Among the most frustrating things people encounter is their dog not listening to them. Generally to solve this, people will yell a little louder when the dog doesn’t respond the first time. The irony in this is the stupidity of the human. A dog can hear a flies wings flapping at 10 meters. So you think that yelling the command a little louder will break through that impenetrable barrier? NO, he’s ignoring you!
There are two reasons for this:
1. the dog really doesn’t know what you want – which means you didn’t teach him.
2. He doesn’t feel he has to do what you’re asking him to do.
Let’s look at these two situations separately:
1. If you have not taught your dog what a command means, for example COME, how can you expect him to do it? Remember, teaching him something means proofing it – even under distractions. Teaching a command to a dog is a series of exercises to be sure that the dog understands exactly what is expected of him. These lessons must be clear and they must be fair to the dog. Simply yanking the dog to come or popping his leash to get him to jump, is not teaching. Motivating your dog to do something and making it fun, challenging and rewarding at the same time – that is teaching. A dog requires several follow ups to cement an idea in his mind, then he needs periodic refreshers. Just because he knows it today, doesn’t necessarily mean he’ll know it tomorrow. Teaching your dog is like going to the gym and dieting: if you attain your desired results and suddenly stop going, you stop looking good. In a more clear comparative, imagine going to Greece for an extended stay and learning Greek. All the while you are there, you are able to comprehend what people mean when they speak to you. Once you are back home and a few years have passed, your understanding will have faded too unless you’ve kept it up. So it is with your dog’s understanding.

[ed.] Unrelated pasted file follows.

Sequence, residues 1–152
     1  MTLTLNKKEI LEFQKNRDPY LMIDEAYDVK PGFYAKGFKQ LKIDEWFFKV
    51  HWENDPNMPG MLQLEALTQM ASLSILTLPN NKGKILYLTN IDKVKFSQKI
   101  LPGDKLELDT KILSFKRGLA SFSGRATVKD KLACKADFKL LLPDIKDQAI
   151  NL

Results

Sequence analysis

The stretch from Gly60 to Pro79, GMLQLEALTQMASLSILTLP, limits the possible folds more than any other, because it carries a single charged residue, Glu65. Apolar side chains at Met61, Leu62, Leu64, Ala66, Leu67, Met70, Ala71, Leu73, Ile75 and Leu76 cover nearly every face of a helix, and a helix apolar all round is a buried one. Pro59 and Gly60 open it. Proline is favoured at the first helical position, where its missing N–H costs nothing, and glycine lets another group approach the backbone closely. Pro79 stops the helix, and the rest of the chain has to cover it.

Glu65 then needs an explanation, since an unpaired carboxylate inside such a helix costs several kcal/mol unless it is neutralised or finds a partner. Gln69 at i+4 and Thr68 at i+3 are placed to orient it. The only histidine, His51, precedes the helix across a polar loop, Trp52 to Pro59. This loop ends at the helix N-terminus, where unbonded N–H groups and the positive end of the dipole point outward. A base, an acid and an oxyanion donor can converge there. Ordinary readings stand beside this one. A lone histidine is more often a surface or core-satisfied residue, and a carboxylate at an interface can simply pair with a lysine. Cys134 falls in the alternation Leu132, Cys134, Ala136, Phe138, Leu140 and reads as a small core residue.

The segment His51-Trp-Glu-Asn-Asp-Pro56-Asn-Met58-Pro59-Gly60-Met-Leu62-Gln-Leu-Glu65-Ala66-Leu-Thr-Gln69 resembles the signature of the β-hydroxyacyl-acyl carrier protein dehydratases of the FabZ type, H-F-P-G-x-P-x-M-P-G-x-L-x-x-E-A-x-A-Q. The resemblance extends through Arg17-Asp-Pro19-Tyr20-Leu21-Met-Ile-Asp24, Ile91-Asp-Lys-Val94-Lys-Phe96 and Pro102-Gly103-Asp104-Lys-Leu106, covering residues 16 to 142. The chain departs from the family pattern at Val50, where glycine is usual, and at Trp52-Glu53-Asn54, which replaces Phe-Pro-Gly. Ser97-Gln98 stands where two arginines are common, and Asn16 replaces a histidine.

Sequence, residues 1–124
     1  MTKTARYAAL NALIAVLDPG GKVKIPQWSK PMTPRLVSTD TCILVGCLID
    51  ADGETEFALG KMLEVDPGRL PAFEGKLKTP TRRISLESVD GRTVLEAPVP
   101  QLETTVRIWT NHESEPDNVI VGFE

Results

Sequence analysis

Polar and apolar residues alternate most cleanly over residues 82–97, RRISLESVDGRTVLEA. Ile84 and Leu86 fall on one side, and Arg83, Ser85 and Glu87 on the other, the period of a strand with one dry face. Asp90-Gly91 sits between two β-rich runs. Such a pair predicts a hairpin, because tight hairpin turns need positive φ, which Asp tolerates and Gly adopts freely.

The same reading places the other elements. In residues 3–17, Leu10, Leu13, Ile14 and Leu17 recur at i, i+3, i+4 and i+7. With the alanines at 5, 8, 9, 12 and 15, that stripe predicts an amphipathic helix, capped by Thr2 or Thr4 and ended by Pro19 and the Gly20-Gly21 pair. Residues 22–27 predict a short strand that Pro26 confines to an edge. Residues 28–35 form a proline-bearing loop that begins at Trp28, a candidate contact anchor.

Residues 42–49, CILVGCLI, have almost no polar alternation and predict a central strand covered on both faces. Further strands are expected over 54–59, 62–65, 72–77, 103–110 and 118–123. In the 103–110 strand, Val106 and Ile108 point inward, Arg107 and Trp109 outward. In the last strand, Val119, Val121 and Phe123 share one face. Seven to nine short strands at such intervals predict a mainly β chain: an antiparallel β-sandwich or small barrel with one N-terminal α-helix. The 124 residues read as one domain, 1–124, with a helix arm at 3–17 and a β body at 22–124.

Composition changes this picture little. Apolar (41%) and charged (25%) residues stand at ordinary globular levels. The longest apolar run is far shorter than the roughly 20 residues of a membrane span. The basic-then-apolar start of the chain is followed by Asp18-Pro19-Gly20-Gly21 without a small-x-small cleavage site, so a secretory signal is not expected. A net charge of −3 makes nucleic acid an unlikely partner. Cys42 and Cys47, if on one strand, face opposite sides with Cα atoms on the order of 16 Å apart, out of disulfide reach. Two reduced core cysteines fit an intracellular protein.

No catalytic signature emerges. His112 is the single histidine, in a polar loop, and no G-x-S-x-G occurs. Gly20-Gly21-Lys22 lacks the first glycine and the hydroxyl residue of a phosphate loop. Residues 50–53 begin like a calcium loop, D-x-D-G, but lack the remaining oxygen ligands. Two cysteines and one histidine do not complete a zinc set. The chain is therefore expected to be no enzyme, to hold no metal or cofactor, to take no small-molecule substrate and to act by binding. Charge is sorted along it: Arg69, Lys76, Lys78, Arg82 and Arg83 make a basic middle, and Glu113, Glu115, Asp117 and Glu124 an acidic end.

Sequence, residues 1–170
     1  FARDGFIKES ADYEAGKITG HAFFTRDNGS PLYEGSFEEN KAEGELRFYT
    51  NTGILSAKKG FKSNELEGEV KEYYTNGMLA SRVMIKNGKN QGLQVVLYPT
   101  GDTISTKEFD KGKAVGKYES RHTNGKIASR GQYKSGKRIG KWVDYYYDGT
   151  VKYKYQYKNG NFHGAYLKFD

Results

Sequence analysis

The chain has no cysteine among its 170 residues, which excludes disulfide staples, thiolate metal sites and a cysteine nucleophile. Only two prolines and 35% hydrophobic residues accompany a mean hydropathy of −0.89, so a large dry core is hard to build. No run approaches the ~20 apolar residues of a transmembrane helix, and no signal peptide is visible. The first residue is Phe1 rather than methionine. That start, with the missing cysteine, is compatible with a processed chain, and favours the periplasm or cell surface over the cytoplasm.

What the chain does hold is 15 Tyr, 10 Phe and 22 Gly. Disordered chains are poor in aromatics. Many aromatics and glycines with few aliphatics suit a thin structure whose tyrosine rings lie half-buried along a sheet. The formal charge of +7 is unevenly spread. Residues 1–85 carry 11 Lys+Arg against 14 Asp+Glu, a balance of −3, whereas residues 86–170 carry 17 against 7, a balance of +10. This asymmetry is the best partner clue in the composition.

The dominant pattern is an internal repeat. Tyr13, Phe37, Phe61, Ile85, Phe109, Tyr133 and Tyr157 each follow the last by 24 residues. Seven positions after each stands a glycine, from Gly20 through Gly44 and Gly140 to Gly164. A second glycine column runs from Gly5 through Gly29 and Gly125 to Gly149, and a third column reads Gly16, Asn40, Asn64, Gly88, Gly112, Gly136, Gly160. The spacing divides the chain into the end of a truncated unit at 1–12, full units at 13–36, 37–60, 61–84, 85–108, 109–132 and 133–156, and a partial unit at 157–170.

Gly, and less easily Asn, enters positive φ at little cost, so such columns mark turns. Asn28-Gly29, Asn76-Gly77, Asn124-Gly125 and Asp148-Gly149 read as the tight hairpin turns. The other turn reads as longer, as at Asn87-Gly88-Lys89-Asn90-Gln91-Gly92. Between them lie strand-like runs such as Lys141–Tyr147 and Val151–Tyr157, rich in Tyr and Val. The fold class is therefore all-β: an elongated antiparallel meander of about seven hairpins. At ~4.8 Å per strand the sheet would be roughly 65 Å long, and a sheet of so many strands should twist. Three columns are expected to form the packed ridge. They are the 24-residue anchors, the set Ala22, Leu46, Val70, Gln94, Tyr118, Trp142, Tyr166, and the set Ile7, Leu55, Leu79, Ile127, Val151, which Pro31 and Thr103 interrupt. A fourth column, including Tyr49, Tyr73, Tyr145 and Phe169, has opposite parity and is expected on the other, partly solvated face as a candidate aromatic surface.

This is the fault in people who insist on sending their dogs away to training and expect the dog to be perfect when he comes back. Even if he is, it will begin to fade after some time goes by. While at training his commands were taught and reinforced. You may keep up with it for a few days, weeks, or months, but then its back to the old system.
2. If your dog knows what you want him to do but refuses to do it, you have a breakdown in your relationship. This is all-too-common and I see it all the time. The primary reason a dog does what you want is because of the relationship that you’ve established with him. How is this relationship defined? Is it all about fun, punishment, structure or none of the above? Dogs must trust their person in order to perform commands willfully. If a dog is raised in a fair manner, given good structure and fair lessons to learn and has a solid bond with his human, he will be more than willing to listen and obey. If your relationship is all about fun and no structure, he will see you commands as a game and listen when he deems it fun. If, on the other hand, he sees you as an authoritarian he may look for an opportunity to get away with something because you can’t reinforce what you are asking for and its his nature to test you.
The best trained dogs are those that have a solid bond with their humans. A solid bond is based on a balance of structure and fun. That means I will make it fun to follow my commands and reward the dog for positive actions. I will also enforce what I say once I’m clear the dog knows what I’m asking for. Most often this is not too necessary, but when it becomes necessary, you should be sure to do it. That is not to say that you beat a dog for not coming when called. It does mean that if he decides not to come, you go get him and make him come. This can be done with a fair leash correction and bringing him to you. We don’t correct the dog once he comes if we didn’t go get him. If we’re too lazy to go get him and wait for him to come and keep yelling COME COME, then we have to be satisfied with the sloppy results of our training. If he doesn’t do what is asked, we need to teach him or remind him of what it means.
The key thing here is to be aware of how we relate to our dogs and how our dogs relate to us. Is this a relationship based on fairness, or are we the ALPHA DOG that dictates our dog’s lives? We should be in charge, but we don’t need to be dictators. Our relationship should be based on fun and fairness..